Your results indicate that both parents carry the same albino mutation. There are many different genes that can mutate to produce non-green leaves. It is not impossible for particular plants to carry two or three different albino mutations. The expected number of green to albino seedlings if both parents carry the same two albino mutations would be 9:7 That would explain your results.
However, the luck of the draw always operates. Under typical circumstances albino seedlings appear when both parents carry the same albino mutation. We then expect that approximately 25% of the seedlings from the cross will be albinos. That holds reasonably well when we produce many seedlings. So if we produce 100 seedlings from the cross we expect that approximately 25 would be albino. However if we produce say only eight seedlings then we would be very lucky if two (the expected number) were albino. The luck of the draw indicates we could get a different number.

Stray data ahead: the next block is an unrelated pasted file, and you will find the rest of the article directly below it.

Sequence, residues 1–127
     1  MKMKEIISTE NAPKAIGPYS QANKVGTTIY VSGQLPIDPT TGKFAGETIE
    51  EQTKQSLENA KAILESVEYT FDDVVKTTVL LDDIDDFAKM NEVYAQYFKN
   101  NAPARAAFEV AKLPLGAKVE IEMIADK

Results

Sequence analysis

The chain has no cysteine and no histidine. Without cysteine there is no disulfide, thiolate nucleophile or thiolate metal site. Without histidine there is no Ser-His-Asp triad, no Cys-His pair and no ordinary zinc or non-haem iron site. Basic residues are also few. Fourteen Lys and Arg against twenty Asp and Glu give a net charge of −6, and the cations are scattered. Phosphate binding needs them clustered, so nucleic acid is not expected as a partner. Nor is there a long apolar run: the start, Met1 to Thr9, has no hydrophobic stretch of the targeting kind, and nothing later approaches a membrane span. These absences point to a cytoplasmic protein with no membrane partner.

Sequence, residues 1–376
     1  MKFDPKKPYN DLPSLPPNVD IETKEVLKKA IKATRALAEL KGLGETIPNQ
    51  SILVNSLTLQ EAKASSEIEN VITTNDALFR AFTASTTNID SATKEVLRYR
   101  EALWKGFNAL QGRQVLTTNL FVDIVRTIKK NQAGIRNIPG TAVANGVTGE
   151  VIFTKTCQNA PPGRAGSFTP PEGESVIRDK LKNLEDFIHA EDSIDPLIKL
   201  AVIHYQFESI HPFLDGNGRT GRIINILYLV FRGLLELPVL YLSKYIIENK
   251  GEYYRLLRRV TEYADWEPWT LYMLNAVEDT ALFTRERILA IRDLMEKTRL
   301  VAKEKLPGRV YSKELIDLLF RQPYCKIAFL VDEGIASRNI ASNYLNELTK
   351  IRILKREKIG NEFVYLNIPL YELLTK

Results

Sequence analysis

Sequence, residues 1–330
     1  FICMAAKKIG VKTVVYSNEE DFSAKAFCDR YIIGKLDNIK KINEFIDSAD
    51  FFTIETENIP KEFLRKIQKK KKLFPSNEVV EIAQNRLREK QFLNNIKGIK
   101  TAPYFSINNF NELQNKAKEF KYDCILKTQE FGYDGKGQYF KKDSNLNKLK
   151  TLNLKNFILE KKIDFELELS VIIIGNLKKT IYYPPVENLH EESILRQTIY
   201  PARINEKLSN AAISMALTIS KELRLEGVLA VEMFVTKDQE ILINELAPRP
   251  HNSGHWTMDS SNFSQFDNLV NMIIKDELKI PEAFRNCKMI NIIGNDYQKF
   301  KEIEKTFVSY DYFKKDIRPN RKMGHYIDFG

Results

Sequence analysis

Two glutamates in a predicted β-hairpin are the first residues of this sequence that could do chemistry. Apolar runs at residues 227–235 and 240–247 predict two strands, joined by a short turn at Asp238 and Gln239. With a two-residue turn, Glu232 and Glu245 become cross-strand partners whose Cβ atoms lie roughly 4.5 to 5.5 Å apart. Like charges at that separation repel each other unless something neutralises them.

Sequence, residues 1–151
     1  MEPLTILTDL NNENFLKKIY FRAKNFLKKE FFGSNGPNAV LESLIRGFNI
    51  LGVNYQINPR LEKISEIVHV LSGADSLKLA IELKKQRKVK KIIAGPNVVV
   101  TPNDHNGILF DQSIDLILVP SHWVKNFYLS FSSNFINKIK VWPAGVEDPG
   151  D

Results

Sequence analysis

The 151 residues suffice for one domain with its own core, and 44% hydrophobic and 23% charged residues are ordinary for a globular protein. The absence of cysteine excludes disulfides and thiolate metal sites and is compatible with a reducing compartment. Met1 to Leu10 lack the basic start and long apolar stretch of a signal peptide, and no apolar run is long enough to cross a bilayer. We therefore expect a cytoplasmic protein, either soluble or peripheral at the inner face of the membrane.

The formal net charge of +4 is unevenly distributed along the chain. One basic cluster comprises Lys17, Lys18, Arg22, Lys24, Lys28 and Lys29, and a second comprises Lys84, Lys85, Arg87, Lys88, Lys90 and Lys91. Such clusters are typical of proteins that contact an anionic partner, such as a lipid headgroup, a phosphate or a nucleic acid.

Three albinos out of five seedlings when we expect there to be 1 1/4 albino seedlings (only one albino mutation involved) will happen by chance ("the luck of the draw") about one in 10 times. That would suggest that it was just chance. You might want to try the cross again with many more seeds (after all you only need to germinate them to check the leaf colour).